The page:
Is It Safe? The TSA Wants You to Think So
posted at 12:03 pm on November 16, 2010 by Howard Portnoy
Not unpredictably, the tale and accompanying video of a man who ordered TSA personnel not to “touch his junk” after refusing to be scanned in a San Diego airport have gone viral. Equally predictably, criticism of Obama appointee Janet Napolitano for her intractable position on the use of scanners, which she has announced will be used without exception, has produced an outcry from the liberal blogosphere. “Like it or lump it” is the message from those who argued three short years ago that then-president George W. Bush was invading their privacy for wiretapping overseas phone conversations with individuals on the FBI’s terrorism watch list.
Much as liberal voices want to make this an us-versus-them issue—the “us” being non-liberals—it is really an us-versus-it situation, the “it” being risk of radiation poisoning.
Since 2007, the Transportation Security Administration has been using advanced imaging technology, or AIT, scanners with increasing frequency. As the TSA’s website notes, this state-of-the-art imaging technology is currently being deployed at 68 airports, with more on the way.
The AIT scanners use one of two basic technologies, millimeter wave and backscatter. The question is not whether these technologies “can detect a wide range of threats to transportation security in a matter of seconds to protect passengers and crews,” as the TSA maintains. It is, rather, is how safe are these units? Those who fly planes for a living believe the answer is “Not terribly.”
Recently, several pilots’ unions made headlines when they announced they would boycott the use of AIT scanners. Undaunted, the TSA boasts at its website that “98 percent of passengers chose this technology over alternative screening procedures,” meaning a pat-down by TSA personnel. That statistic might be something other than totally meaningless if the TSA furnished information on how many of these passengers had heard of the health risks associated with AIT scanners, let alone sought out independent verification that the scanners were as safe as the TSA maintains.
As for that verification, the TSA reports that backscatter technology
was evaluated by the Food and Drug Administration’s (FDA) Center for Devices and Radiological Health (CDRH), the National Institute for Standards and Technology (NIST), and the Johns Hopkins University Applied Physics Laboratory (APL).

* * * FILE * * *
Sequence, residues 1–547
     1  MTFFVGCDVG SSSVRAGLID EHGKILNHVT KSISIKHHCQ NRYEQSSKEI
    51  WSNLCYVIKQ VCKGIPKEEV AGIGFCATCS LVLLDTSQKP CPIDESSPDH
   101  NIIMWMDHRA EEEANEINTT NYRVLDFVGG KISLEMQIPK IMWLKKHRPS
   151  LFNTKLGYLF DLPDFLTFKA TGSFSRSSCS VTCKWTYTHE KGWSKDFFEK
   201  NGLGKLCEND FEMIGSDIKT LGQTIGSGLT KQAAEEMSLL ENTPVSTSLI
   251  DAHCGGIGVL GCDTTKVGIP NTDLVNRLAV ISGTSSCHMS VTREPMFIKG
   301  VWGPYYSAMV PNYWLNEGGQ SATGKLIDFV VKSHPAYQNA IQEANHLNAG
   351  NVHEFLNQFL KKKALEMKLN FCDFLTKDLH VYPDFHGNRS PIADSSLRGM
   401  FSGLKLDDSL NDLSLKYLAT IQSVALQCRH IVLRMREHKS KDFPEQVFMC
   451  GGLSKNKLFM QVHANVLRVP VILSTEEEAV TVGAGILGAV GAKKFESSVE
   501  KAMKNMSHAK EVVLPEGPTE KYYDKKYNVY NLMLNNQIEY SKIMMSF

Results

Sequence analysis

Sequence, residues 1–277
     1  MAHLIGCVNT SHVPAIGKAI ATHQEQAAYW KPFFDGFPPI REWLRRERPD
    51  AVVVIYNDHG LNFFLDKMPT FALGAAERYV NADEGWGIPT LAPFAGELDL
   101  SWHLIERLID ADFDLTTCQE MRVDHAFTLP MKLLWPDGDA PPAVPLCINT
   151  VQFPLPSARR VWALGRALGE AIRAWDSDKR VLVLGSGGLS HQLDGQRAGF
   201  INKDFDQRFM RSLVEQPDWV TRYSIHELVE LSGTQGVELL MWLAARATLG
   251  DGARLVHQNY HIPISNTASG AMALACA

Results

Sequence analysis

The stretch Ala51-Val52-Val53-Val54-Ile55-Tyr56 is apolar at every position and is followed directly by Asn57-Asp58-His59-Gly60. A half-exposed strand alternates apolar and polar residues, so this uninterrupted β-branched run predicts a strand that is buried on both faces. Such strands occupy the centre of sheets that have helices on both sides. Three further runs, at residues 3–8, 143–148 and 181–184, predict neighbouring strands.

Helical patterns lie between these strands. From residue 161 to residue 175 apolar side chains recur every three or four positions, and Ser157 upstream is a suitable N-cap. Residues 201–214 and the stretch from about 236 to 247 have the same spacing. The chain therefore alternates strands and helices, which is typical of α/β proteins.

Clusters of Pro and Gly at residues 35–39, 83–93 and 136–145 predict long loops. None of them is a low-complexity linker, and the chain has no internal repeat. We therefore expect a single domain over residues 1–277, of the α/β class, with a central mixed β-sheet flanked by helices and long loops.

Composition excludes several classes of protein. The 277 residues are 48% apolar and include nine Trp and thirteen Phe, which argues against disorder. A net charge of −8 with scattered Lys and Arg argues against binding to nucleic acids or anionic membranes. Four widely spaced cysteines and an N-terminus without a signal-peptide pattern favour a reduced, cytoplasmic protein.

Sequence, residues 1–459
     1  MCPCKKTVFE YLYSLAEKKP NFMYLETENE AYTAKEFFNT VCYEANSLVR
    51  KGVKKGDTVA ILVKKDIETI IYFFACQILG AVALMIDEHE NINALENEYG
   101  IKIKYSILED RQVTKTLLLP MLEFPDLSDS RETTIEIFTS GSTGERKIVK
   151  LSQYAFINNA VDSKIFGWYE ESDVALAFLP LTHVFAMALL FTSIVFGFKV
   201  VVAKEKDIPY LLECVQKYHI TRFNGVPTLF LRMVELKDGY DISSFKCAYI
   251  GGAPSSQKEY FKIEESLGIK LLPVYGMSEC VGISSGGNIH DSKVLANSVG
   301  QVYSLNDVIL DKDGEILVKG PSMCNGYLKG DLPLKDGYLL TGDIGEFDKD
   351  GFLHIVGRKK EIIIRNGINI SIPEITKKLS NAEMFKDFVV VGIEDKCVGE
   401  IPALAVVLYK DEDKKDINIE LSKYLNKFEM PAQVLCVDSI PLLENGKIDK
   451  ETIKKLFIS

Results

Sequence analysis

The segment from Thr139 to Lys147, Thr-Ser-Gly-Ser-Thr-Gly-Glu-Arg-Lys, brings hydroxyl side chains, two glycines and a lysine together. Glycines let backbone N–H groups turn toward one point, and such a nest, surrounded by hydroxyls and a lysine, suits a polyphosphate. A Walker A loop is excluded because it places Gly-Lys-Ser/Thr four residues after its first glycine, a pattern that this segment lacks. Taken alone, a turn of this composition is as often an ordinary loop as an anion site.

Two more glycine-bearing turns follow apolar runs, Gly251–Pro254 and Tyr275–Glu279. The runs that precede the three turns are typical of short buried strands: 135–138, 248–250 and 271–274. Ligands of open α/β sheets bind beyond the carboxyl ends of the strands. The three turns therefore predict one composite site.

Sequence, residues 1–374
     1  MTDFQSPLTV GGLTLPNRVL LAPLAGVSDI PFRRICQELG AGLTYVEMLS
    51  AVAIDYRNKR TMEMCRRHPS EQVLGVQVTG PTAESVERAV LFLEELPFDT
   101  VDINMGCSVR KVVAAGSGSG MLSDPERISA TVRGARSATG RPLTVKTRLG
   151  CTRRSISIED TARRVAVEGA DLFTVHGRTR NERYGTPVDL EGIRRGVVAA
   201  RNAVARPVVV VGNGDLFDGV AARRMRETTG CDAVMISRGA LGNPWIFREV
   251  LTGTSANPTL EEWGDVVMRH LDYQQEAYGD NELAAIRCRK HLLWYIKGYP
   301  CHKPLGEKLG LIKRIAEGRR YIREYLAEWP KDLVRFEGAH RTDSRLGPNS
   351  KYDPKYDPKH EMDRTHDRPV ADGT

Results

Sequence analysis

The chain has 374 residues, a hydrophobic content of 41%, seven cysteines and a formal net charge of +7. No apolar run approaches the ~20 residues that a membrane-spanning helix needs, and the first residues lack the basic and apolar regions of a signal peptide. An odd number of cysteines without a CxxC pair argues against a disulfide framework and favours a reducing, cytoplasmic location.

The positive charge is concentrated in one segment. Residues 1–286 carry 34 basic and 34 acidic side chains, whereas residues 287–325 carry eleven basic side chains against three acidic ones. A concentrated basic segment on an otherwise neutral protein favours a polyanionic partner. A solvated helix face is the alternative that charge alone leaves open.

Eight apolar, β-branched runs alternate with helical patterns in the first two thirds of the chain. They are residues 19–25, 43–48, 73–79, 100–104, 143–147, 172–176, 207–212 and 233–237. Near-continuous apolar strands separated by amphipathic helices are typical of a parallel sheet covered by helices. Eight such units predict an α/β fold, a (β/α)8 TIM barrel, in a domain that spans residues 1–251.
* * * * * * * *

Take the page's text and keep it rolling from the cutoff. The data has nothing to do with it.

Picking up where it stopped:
The agency does not specify whether millimeter wave technology was evaluated or by whom, which seems vaguely unsettling if not suspicious. Nevertheless, the TSA’s bottom line findings are “that the energy projected by millimeter wave technology is thousands of times less than a cell phone transmission” and that “a single scan using backscatter technology produces exposure equivalent to two minutes of flying on an airplane.” (Flying on an airplane produces exposure to radiation? Does anyone else find this less than comforting?)
As to the sources of these claims, note that only one—the Johns Hopkins University Applied Physics Laboratory (APL)—is an independent, non-government agency. (Forgive my cynicism, but the FDA doesn’t have an exactly sterling track record in its capacity as consumer watchdog.) The APL’s report, which is available here, does seem to offer some assurance about the safety of the Rapiscan Secure 1000 backscatter scanner. But it is also contains this caveat:
Additional action is recommended [boldface theirs] to ensure that the National Council on Radiation Protection and Measurements (NCRP 1993) general public dose recommendation of less than 100 mrem (0.1 rem) per year is being met… Specifically:
—An area exists above each of the units, due to primary beam overshoot, where the 100 mrem general public dose limit could potentially be exceeded. This area extends up to a height of about 14 ft and 4.6 ft behind each of the units.
—A second area exists at the entry and exit locations of the scan area, where the 100 mrem general public dose limit could potentially be exceeded. This area extends approximately 1.7 ft from the side of the units at the entry and exit locations.
In other words, the scanners may not be one hundred percent foolproof. Further down in the report, under the heading “Risks and Risk Mitigation,” is additional cause for concern:
The system evaluated may be configured differently than the system deployed to the operational environment.
In short, whether you receive dangerous levels of radiation depends on who set up the particular AIT scanner being used and whether he followed the manufacturer’s recommendations.
Finally, there is a rather troubling note in the report to the effect that depending on the position of the generator, a radiation warning label affixed to the unit may not be visible. It’s hard to imagine the government would tolerate less than absolute transparency and forthrightness where Americans’ health is at risk!